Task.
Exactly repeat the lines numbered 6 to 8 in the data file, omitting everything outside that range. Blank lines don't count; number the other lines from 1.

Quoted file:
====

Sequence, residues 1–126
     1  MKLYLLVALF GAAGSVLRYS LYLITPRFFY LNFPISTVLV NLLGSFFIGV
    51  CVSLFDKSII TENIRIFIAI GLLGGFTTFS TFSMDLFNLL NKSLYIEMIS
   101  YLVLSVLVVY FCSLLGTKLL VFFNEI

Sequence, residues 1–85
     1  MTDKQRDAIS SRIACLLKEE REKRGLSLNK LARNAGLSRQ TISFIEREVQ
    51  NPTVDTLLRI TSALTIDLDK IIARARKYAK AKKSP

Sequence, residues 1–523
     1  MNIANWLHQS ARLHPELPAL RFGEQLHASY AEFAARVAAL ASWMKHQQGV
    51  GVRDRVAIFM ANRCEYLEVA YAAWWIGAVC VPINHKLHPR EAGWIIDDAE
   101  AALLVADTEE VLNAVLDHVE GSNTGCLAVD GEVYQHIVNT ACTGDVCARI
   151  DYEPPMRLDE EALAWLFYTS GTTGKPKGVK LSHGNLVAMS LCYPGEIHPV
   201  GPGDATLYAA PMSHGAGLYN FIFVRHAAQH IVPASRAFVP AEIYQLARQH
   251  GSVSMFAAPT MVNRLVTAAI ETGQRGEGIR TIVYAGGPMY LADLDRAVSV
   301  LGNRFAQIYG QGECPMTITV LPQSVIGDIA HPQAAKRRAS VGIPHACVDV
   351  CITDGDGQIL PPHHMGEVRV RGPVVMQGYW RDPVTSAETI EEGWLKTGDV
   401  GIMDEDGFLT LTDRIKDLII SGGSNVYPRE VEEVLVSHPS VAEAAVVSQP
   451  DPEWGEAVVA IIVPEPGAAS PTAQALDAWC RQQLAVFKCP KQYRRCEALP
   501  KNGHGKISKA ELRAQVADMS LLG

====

     1  MTDKQRDAIS SRIACLLKEE REKRGLSLNK LARNAGLSRQ TISFIEREVQ
    51  NPTVDTLLRI TSALTIDLDK IIARARKYAK AKKSP

Sequence, residues 1–523